In the figure you can observe two breakpoints in the lines 70 and 71 of the source code, the symbol for breakpoint is quite self-explanatory.
The following menu serves to manage the breakpoints:
It can be seen the parallelism between the button window and the menu bar.
We can start and stop the program, if we use the menu bar then it is possible to give some parameters to the program with a dialog window. Step executes one program line more (step by step), this is, if there is a function call then the debugger go to the beginning of the function and will wait for the next Step command. On the other hand, the Next command execute a function call as an atomic program line, executing at once the full function code.
Continue permits to continue with the execution of the stopped program after a breakpoint stop. Kill, Interrupt y Abort are used to interrupt the program execution.
Probably, the most exciting characteristic of this graphical tool is the data window display, in the upper side of the window. We can see graphically the structure and the contents of the data, as well as the dependencies between them. In the next example, an array (Arguments) and four of its elements.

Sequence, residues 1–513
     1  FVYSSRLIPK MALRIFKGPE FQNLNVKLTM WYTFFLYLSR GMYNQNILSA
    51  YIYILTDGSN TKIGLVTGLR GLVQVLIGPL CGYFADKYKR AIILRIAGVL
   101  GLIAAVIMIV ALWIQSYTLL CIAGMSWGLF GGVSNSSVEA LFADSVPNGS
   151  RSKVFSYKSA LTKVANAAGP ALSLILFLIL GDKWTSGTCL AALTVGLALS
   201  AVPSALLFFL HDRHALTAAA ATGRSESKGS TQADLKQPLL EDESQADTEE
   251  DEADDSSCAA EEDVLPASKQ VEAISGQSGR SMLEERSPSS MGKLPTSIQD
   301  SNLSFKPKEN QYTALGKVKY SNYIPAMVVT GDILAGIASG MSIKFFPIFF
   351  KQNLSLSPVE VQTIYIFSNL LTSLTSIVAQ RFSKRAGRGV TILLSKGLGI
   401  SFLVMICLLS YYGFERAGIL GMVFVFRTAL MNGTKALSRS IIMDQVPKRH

This window can display a wide variety of information, just take a look at the menu Data->More Status Displays , where you can configure all that you want to see on the data window. In the previous example, we can also display the processor register values, the required dynamic libraries and the execution state of the program:
The ddd environment can be customized from the same program with the menu Options->Preferences, and also by the classical resource method of the Motif applications (file $HOME/.dddinit). It is out of the scope of this article to describe all the customizable resources and how to do it.
It is very advisable to read the manual that comes with the ddd (ddd.ps) and the manual of the debugger it self ("Debugging with GDB"). Nevertheless, the user with just a little of curiosity can teach him/her self in little time, it is only needed to debug a well known code to discover all the debugging capabilities.
And finally, my apologizes if I made any mistakes in the article :)